During Patton’s testimony, the defense lawyer said that although he learned about the jury note’s existence at 4:19, he didn’t learn it was issued 29 minutes earlier at 3:50 until he returned to court.
“I wasn’t exactly a happy camper,” Patton said about the delay.
Patton testified that people in Budzinski’s courtroom were “frozen” when he arrived, including Agee — who was looking down. He said he waited several minutes until Budzinski and the jurors filed out from the jury room “like a conga line,” — with a jury form in hand — where he told her the settlement occurred before he ever learned of the note.
When Patton approached Budzinski’s chambers, he said, he could hear “clear shouting” on the other side of Budzinski’s closed door.
Though he could not make out full sentences, he said he heard his name, McNabola’s name and “the note” mentioned a few times.
When Reynolds let him through the door, Patton said Budzinski insisted the court had not committed any misconduct, but that Agee had admitted to her that McNabola told her not to call Patton so McNabola could settle the case.
Patton said Budzinski’s memorandum revealed new information to him — both that Agee shared the note’s contents with McNabola and that McNabola told the court neither his client nor the defense were interested in the note.
“I never had that conversation with Mr. McNabola that day,” he said.
On cross-examination, Montgomery noted that Patton is alleging McNabola committed fraud based on Agee’s conduct, which is something that McNabola could not control.
Montgomery also challenged Patton’s argument that McNabola should have told him about the note. When Montgomery asked Patton who is typically responsible for relaying such information, Patton said he couldn’t recall a time when a lawyer was ever charged with that task.
Montgomery also noted a sentence in Budzinski’s memorandum — which indicates Agee told her McNabola “had asked to her ‘hold off’ or something to that effect” — doesn’t specifically state McNabola told her to hold off on calling Patton. Patton responded that it would “strain one’s common sense and honesty” to interpret that sentence to mean anything else.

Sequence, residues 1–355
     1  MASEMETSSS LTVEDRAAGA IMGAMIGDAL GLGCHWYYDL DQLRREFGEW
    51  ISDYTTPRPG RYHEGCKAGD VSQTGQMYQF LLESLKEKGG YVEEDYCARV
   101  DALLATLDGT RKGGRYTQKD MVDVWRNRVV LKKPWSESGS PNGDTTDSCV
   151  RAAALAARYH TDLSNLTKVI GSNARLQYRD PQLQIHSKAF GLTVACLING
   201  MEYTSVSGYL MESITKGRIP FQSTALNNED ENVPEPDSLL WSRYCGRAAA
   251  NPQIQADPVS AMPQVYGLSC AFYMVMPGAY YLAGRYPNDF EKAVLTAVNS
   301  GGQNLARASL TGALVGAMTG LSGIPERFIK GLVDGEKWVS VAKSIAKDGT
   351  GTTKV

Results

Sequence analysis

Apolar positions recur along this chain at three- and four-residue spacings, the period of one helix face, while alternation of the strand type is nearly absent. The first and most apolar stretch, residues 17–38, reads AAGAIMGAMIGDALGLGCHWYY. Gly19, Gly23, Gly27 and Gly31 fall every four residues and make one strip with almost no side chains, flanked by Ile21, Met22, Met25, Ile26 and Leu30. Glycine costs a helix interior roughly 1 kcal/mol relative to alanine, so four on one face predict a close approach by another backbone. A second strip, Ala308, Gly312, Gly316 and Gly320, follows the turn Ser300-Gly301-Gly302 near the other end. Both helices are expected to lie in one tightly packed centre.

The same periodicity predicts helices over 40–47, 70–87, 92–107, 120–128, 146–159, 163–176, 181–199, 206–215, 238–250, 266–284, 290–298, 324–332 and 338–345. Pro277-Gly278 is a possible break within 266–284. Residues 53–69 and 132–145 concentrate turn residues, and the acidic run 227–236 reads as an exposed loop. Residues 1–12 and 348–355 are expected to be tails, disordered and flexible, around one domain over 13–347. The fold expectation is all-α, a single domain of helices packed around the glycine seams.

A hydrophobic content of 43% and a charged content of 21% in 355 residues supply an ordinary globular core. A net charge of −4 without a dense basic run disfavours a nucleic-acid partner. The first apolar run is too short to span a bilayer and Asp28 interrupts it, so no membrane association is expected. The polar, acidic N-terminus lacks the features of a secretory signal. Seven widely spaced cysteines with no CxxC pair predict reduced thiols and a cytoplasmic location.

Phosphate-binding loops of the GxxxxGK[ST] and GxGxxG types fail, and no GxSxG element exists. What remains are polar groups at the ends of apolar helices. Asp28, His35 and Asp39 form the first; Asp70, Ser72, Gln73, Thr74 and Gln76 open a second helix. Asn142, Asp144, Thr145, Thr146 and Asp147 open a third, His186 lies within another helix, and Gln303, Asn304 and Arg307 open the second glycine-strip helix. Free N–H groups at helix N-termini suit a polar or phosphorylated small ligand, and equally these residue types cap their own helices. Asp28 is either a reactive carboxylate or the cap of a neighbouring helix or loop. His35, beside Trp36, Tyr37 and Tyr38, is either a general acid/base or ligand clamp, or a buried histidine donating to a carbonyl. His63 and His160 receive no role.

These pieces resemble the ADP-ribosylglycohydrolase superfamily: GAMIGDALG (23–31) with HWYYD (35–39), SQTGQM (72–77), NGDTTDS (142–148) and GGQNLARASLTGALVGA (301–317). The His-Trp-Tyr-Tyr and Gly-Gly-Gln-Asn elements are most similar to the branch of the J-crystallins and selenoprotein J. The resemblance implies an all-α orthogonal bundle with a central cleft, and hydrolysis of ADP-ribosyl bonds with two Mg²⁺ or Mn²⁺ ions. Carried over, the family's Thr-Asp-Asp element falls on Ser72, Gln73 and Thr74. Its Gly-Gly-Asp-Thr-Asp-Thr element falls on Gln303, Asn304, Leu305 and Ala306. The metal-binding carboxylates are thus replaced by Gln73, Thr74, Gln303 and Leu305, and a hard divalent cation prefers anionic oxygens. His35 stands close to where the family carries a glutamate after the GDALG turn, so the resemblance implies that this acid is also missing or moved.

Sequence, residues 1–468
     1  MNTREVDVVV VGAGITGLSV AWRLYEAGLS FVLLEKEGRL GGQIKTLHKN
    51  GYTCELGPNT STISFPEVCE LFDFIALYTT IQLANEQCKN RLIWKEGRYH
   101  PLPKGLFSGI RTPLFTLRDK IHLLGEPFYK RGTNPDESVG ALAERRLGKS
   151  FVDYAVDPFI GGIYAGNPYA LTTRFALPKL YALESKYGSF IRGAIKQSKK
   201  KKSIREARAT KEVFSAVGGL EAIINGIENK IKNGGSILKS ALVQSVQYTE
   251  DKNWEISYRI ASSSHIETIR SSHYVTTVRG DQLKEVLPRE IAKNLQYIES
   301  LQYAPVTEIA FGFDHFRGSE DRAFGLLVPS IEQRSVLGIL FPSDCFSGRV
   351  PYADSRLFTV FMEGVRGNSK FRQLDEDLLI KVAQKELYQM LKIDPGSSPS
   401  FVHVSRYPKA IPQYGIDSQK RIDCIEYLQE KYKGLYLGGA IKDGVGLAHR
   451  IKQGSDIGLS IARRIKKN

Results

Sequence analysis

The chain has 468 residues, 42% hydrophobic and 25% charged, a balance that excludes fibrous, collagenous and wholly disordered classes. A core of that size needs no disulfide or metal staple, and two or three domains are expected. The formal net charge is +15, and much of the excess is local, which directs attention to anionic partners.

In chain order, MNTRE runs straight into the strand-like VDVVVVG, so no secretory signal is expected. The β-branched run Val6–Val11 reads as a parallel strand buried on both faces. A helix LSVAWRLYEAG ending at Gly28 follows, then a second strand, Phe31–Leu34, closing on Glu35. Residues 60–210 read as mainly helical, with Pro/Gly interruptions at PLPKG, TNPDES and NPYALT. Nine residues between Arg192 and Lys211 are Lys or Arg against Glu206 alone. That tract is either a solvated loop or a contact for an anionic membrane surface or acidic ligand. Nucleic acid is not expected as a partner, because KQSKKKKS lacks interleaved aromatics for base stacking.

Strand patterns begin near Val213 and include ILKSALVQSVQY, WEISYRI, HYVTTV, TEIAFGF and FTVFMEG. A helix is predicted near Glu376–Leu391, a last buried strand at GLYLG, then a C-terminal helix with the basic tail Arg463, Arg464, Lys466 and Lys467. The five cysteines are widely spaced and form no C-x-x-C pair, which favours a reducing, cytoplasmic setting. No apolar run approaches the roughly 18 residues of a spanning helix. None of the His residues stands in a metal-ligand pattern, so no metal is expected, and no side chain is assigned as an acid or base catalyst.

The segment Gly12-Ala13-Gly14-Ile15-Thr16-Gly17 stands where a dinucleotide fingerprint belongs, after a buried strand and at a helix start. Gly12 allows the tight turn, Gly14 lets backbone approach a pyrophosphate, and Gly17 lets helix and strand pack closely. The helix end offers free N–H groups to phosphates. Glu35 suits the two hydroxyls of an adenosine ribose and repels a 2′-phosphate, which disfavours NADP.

The post-trial proceedings stem from a 2009 case in which plaintiff Scot Vandenberg became paralyzed from the neck down after falling from a yacht’s top deck to its stern during a party sponsored by his employer, Trace Ambulance Inc.
Vandenberg and his wife Patricia filed a lawsuit in Cook County Circuit Court in 2010 against Brunswick and chartering company RQM LLC, asking for $103 million in damages for wage loss, loss of a normal life and a loss of consortium. RQM settled with the Vandenbergs, but maritime law required the so-called silent defendant to appear on the jury’s verdict form in case comparative fault was found against the company.
Settlement offers to McNabola from the defense’s AIG claims adjuster weren’t accepted before, during and immediately after the trial, which spanned from May 15 to June 9.
During his testimony, the claims adjuster said McNabola initially declined a $25 million offer right when the jury began deliberations.
Later that afternoon, he said he noticed missed calls from McNabola during his lunch before the two finally reconnected.
That’s when McNabola first demanded a $30 million settlement but accepted the $25 million offer when he learned the adjuster would need to receive new clearance on a higher offer from his superiors.
The adjuster testified McNabola confirmed the amount twice and said he’d explain why he and his clients changed their minds later.
“And he just abruptly hung up on me,” the adjuster said.
The case is docketed as Scott Vandenberg et. al v RQM LLC et. al, 10 L 3188.